Forty legs are better than three

By Jan Freedman, Curator of Natural History

Museums are full of delightfully strange creatures. The weird and the wonderful are stuffed, pickled or even pinned. Filling shelves and drawers behind the scenes there may be a ghoulish lamprey preserved in spirit, an over-stuffed platypus,* or an enormous goliath beetle in a drawer. Many of these specimens were brought into the museum when it first opened.

For Plymouth City Museum and Art Gallery, that was in 1910. Relatively late
for a museum to open, it was built for the education and enjoyment of the newly joined city of Plymouth. Back then, there were no televisions, no internet and the best way to explore the wonderful world of nature was to visit a museum.**

Many collections in the museum are over 100 years old. This is a long time for collections to have moved around store rooms, or for curators leaving, taking their knowledge with them. Every now and then the new curators find something we didn’t know was there.

Centipede with some legs attached
The giant centipede (Scolopendra gigantean) with the loose legs.

Some years ago, I was moving some boxes in one of our store rooms, and I found something. In an old plastic box lay a humongous centipede wrapped in tissue missing practically all of its legs.

The job of a museum curator is to care for the collections they are in charge of. We spend time re-packing specimens, labelling them, and constantly checking them to make sure they are safe. Over 100 years, some things do become damaged. Some may not be packed correctly. Others may have had pests attack them. Boxes may have been moved around carelessly. And some may just have been put in boxes many, many years ago waiting to be found.

Museums have specialist staff (conservators) who can carry out very complex repairs on a huge amount of varying objects including paintings, sculptures, shoes, and archaeological pieces. Because natural history curators care for such a large number of collections, a large part of their job includes conservation skills; such as consolidating fossils, re-spiriting pickled creatures, cleaning and mending taxidermy, and reattaching broken insect parts.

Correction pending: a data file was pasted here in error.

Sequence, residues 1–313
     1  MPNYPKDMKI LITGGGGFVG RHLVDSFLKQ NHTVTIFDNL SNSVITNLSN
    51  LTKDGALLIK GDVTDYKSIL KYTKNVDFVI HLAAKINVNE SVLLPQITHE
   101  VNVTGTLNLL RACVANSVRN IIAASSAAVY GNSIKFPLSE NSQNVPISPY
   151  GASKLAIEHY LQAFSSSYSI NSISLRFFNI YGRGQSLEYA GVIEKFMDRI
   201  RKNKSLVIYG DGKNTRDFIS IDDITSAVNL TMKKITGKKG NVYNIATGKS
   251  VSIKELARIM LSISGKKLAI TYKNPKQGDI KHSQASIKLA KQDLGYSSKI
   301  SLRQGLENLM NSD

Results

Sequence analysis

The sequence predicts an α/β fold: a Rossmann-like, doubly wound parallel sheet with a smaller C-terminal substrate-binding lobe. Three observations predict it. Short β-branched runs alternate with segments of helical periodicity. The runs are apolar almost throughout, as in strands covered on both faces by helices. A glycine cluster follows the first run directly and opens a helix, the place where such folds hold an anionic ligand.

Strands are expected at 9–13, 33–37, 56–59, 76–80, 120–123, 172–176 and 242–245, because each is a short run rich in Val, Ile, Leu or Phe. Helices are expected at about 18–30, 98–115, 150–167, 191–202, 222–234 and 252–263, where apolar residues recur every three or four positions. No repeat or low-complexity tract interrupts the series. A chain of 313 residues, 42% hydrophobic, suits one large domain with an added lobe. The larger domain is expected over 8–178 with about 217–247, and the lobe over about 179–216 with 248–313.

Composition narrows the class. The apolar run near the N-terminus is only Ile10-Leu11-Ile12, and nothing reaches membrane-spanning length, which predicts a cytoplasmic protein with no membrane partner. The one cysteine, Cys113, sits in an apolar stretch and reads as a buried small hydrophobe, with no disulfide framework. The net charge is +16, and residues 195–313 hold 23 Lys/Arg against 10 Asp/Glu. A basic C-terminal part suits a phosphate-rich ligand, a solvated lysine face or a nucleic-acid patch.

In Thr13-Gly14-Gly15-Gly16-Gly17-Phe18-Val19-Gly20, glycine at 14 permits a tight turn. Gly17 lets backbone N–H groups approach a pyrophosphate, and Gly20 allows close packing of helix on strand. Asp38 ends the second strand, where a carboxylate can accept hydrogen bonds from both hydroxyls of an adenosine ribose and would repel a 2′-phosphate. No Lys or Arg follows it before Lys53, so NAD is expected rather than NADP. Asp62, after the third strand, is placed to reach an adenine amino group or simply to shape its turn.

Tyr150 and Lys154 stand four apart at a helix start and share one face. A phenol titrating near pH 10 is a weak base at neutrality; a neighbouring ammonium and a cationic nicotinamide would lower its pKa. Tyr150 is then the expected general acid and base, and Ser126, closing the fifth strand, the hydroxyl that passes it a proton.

Photo of the centipede before conservation next to a sketch
I drew a quick sketch of the giant centipede so when I matched a loose leg with the body, I could keep it in the right place so I knew where to attach it. One of the four legs which were attached was loose, resulting in just three legs attached to this giant mini-beast.

Reattaching 37 legs, and both antenna was no easy feat. The giant centipede itself was very fragile: being an invertebrate, the hard parts were on the outside, and this specimen was hollow because all the insides had literally turned to dust. First thing to do was find out which leg went where. Each leg was checked with the main body for the right fit. (This sounds tedious, but each leg had its own unique break – and this break could be matched to the corresponding break on the main body.) A quick sketch let me put the correct leg in the correct place.

Next came reattaching the legs. This was the fiddly bit.

Museum curators have a very particular set of skills; skills they acquire over a long career. They use these skills to find any problems and eliminate them. We learn skills through training courses (through the important subject specialist groups such as the Natural Science Collections Association, and the Geological Curators Group). The circle of curators is also very close, and we give each other support and advice on problems we may come across. (I had a plan on how two repair this centipede, and I checked with two specialist natural history curators in the UK: they both approved the conservation I proposed.) Repairing museum specimens is not simply putting blobs of superglue on the broken bits and sticking them together. There are special glues that museums use: reversible if ever needed. And it takes a lot of patience.

Small strips of acid free tissue paper were rolled up, and coated with a pH neutral glue. In two cases, acid free tissue was rolled around small stainless steel pins to add support. It was carefully fitted inside the detached leg, and the other end fitted inside the main body. I was very careful to make sure the leg was reattached in the right position, with the breakages linked perfectly. Each leg was reattached, along with the two loose antenna.

Animation showing each leg being attached to a centipede in turn
The finished centipede, leg by leg, attached and complete.

This giant centipede now has all of its legs attached, all 20 pairs. It is complete again.

As well as the displays that you see in the museums, the curators and staff behind the scenes work hard to make sure collections are safe for future generations of visitors, researchers, artists, and school groups. One day I may be pickling an octopus, the next reattaching the legs to a centipede. Who knows what tomorrow will bring.

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*Strangely, Plymouth City Museum and Art Gallery doesn’t have a platypus in the collections. Every other museum in the country I have visited has one. It may be that the museum opened after the rush of collecting the platypus in the mid to late 1900s.

**This is still extremely true today. Lots can be seen on the internet today, and there are some unbelievably remarkable nature documentaries on the BBC. Still, there is nothing quite the same as seeing the real thing up close. Pop into your local museum this lunch time, and get a real look at nature.

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